Rural landowners are being asked by the Alberta Conservation Association (ACA) to complete a survey on granting hunters permission to access their property.
The survey, available through ACA’s website, is being conducted to understand the factors influencing whether landowners decide to allow hunting on their property.
According to Robert Anderson, ACA wildlife biologist, the relationship between hunters and landowners is changing, meaning some landowners are unwilling to have hunters access their property.
“What worked 30 years ago may not work now,” he said.
Finding a place to hunt being difficult is believed to be one of the reasons why the number of hunters in Alberta has been decreasing. Tags for mule deer and some other species have kept steady, but general hunting licenses and white-tailed deer tags – which drive provincial numbers – have been steadily decreasing, said Anderson.
Because having fewer hunters has implications to conservation, the ACA is conducting the survey to better understand the landowner-hunter relationship.
There are many reasons why hunters are important to conservation, said Anderson.
Hunting still plays an important role in wildlife management in some instances. One example is snow geese, which have become overpopulated.
“They’ve actually been degrading Arctic tundra habitats, to the point where other species are now starting to suffer,” noted Anderson.
In response, the government has changed some hunting regulations to encourage more hunters to harvest migrating snow geese, to control their population expansion and conserve habitat.
Licenses also fund conservation.
“Every time somebody buys a hunting or fishing license, a portion of that money is set aside for us,” said Anderson.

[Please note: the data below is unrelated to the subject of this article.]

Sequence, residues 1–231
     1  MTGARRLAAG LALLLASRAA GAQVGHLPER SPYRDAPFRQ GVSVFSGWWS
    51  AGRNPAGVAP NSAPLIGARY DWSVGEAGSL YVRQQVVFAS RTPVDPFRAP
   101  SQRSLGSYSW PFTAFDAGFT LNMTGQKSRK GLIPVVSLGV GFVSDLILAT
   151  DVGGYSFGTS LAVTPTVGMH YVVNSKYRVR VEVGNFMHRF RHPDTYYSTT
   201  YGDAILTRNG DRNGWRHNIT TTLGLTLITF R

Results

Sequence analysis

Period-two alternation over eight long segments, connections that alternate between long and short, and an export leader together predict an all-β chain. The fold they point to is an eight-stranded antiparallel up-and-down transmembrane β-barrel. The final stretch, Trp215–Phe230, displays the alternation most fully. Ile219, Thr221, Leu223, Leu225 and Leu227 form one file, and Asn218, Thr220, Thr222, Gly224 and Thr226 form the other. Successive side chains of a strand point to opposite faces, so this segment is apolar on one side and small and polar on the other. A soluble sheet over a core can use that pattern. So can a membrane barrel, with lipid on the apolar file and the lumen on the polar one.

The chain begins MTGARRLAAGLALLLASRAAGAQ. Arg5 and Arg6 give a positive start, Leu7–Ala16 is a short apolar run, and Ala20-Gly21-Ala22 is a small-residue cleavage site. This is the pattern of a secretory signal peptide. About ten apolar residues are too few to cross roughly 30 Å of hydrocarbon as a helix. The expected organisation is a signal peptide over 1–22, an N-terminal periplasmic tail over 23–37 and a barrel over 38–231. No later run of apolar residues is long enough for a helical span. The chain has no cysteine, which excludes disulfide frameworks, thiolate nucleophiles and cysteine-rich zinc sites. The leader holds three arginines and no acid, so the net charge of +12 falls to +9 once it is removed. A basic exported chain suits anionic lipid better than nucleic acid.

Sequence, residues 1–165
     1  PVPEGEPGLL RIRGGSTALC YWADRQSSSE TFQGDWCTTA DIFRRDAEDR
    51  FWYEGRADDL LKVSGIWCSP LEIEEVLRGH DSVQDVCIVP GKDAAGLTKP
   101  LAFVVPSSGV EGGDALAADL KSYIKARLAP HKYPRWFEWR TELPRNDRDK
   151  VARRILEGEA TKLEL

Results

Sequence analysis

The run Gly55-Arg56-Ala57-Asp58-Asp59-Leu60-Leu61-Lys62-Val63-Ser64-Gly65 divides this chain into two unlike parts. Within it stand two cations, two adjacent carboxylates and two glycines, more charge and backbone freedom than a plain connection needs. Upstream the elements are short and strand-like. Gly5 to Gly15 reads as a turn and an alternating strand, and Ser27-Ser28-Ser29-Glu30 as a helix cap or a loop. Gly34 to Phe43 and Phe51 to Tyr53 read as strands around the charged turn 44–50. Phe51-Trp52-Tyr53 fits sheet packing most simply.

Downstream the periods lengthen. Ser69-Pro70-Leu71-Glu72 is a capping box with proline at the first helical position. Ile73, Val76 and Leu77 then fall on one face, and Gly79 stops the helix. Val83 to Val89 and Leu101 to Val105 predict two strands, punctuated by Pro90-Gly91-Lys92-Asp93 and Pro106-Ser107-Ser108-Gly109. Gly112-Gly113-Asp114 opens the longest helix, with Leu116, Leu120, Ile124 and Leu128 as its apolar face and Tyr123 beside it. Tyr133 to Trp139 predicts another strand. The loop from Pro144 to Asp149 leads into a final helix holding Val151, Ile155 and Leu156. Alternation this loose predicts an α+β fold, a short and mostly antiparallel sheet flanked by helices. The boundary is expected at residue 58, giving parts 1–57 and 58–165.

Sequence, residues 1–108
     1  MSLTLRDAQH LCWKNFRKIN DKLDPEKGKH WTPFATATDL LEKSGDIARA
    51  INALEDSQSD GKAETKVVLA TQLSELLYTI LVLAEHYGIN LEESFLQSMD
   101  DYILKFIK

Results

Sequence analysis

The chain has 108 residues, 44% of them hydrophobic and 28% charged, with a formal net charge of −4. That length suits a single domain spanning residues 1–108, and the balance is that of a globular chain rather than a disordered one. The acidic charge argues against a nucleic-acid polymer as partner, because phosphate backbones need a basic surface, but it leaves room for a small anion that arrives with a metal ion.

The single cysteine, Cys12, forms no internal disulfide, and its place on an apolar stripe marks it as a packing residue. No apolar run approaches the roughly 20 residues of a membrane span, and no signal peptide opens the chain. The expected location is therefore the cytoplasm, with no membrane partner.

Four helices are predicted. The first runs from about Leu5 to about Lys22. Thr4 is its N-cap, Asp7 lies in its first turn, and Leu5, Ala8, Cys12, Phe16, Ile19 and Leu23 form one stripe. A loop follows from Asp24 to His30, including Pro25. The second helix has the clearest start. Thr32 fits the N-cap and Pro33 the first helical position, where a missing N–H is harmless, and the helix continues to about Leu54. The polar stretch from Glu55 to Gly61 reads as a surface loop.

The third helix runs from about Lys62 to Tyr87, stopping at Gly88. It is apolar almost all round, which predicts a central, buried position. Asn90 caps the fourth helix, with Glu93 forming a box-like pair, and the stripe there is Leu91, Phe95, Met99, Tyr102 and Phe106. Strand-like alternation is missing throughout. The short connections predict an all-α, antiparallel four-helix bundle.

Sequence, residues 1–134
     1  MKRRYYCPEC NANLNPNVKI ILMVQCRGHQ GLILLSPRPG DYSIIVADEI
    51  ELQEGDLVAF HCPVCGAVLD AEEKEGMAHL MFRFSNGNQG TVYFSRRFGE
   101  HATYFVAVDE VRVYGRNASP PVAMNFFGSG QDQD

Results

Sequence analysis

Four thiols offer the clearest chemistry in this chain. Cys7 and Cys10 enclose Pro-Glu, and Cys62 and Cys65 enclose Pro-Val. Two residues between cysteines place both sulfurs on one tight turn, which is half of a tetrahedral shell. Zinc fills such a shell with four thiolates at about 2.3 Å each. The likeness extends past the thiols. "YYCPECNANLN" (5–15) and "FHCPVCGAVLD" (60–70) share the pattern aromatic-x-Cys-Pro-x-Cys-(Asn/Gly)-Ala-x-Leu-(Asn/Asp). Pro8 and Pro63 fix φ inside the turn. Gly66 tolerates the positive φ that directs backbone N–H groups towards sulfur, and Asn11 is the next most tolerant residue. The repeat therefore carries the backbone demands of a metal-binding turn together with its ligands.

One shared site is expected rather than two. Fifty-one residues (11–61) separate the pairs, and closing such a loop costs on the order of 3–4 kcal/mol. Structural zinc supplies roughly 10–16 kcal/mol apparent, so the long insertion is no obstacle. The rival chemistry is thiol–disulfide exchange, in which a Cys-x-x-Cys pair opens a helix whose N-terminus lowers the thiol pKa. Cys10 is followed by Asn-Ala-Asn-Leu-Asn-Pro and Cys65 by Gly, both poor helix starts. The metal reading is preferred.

Last year, the organization received about $8 million from hunting licenses and $5 million from fishing licenses. That revenue funds grants, including funding university research on conservation. It is also used to work with agricultural producers for habitat and sustainable agriculture initiatives. The ACA also provides services directly in relation to wildlife management, such as wildlife surveys.
Hunting also provides data relevant to conservation.
“The government has always done surveys of hunters to ask what they were targeting and whether they were successful,” said Anderson. “Based on that, they can get an idea of how the population is doing.”
It is up to landowners as to how much information they provide in the survey. All data is pooled and no personal information will be shared with the public. Respondents can leave their contact information or remain anonymous.
Wheatland County has been promoting the survey on its social media. According to Alyssa Robb, Wheatland County environmental coordinator, sampling all viewpoints is important, regardless of whatever beliefs and experiences landowners have regarding hunting on their land.
“We encourage landowners to complete it, whether they allow hunters on their property or have had experience with it or not,” she said.
The issue is important in Wheatland County because so much of its land is private, she explained. “When somebody gets a tag, they’re going to find somewhere they can go, and in most situations, it’s all private, so they must ask permission.”
The survey can be accessed online.
Sean Feagan, Local Journalism Initiative Reporter, Strathmore Times